Ensiled kale can be used as a home-grown protein supplement for finishing housed cattle and sheep. By ensiling kale this can increase the utilisation of the crop compared to grazing in situ, in addition to improving the cleanliness of the stock, which may be comprised by weather conditions.
A study by Marley et al. (2007) reported that relative to medium feed value grass silage, ensiled kale boosted live weight gain of finishing lambs. This study showed lambs on kale silage achieved a live weight gain of 100g/day, compared to 36 g/day on ryegrass silage. They also found that nitrogen was utilised significantly more efficiently in growing lambs fed kale silage compared to red clover, lucerne and ryegrass, therefore less is wasted. This may be in part due to the high fermentable energy content of kale and the presence of readily fermentable sugars, allowing the bugs to utilise degradable N from the kale silage. A similar study by Vipond et al. (1998) showed finishing lambs on kale silage had a similar live weight gain to those fed on grass silage. However, they did find an improved killing-out percentage of lambs fed on a kale silage based ration.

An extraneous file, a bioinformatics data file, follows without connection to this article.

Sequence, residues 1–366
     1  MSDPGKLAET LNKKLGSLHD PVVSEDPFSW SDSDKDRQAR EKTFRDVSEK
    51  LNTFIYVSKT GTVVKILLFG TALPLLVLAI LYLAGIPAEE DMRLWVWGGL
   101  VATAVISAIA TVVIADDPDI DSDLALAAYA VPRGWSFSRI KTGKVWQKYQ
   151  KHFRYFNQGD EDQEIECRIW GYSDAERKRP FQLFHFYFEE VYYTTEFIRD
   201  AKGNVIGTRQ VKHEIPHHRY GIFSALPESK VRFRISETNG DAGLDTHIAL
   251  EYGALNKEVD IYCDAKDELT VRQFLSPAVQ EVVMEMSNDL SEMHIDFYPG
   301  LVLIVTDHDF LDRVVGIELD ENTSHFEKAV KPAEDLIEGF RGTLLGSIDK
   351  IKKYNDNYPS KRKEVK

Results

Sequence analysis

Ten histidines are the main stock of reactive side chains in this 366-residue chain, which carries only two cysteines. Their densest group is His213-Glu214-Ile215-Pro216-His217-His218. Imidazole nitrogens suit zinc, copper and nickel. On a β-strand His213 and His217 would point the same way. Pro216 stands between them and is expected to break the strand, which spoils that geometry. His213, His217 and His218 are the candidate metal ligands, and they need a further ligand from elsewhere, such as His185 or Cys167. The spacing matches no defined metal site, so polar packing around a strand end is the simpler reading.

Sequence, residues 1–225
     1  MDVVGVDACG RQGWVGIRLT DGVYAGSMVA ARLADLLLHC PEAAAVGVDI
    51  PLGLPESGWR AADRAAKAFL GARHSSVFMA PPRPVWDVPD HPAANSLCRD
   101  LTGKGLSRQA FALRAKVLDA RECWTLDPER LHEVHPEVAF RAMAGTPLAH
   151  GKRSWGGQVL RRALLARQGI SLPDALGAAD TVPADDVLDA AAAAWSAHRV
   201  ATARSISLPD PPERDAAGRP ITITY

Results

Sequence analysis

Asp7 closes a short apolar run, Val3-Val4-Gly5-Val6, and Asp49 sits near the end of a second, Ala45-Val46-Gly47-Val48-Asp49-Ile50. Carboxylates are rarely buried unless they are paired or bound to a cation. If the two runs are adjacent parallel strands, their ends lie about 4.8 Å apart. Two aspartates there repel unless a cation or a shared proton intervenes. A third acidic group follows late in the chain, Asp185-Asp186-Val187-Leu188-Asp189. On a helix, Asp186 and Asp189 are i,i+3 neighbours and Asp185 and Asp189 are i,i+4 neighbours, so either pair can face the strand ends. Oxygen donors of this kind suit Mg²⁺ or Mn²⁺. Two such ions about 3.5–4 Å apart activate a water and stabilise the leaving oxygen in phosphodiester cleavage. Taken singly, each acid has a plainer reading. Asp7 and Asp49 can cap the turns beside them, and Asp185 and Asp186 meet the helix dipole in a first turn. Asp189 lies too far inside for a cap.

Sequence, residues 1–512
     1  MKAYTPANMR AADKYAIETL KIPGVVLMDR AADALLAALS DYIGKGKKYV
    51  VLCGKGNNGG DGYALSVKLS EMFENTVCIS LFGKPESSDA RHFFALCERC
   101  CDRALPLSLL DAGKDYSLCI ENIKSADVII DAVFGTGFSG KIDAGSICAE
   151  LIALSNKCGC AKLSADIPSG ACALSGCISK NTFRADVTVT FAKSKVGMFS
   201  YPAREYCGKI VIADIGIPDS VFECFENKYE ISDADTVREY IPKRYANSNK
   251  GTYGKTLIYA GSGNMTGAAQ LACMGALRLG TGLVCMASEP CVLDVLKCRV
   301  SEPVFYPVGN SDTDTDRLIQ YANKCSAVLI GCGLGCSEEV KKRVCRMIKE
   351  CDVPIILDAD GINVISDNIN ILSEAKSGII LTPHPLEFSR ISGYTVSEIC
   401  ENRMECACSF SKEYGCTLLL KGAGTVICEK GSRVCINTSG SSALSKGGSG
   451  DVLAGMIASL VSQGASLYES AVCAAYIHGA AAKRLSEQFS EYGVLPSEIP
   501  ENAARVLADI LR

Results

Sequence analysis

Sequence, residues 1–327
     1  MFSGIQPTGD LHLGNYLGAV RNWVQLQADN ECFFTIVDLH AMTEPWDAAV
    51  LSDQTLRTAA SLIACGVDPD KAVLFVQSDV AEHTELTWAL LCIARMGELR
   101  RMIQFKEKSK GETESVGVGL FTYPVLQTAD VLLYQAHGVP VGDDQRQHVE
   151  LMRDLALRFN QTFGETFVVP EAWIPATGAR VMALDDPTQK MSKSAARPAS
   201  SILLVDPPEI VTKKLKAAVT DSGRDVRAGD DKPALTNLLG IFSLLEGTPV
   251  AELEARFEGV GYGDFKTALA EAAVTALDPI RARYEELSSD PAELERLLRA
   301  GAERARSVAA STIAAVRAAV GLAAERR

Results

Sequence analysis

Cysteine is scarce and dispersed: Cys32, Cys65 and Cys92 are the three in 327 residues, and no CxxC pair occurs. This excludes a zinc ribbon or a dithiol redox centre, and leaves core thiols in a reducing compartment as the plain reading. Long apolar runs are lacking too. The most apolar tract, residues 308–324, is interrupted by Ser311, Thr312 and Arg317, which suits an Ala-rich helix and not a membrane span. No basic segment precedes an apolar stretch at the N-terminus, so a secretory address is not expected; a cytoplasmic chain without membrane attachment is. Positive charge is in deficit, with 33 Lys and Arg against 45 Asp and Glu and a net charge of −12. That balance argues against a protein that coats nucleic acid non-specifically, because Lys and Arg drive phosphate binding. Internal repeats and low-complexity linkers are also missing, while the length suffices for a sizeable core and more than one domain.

The most notable difference between these studies is the quality of the silage used for comparison. The grass silage used by Vipond et al. (1998) was both higher in metabolisable energy and crude protein then that used in Marley et al. (2007) study. Therefore, if feeding kale silage that has been conserved well and is rationed according to analysis, lambs can achieve similar performance as they would finished on high quality grass silage.
Mary McDowell, email@example.com
Sign up to the FAS newsletter
Receive updates on news, events and publications from Scotland’s Farm Advisory Service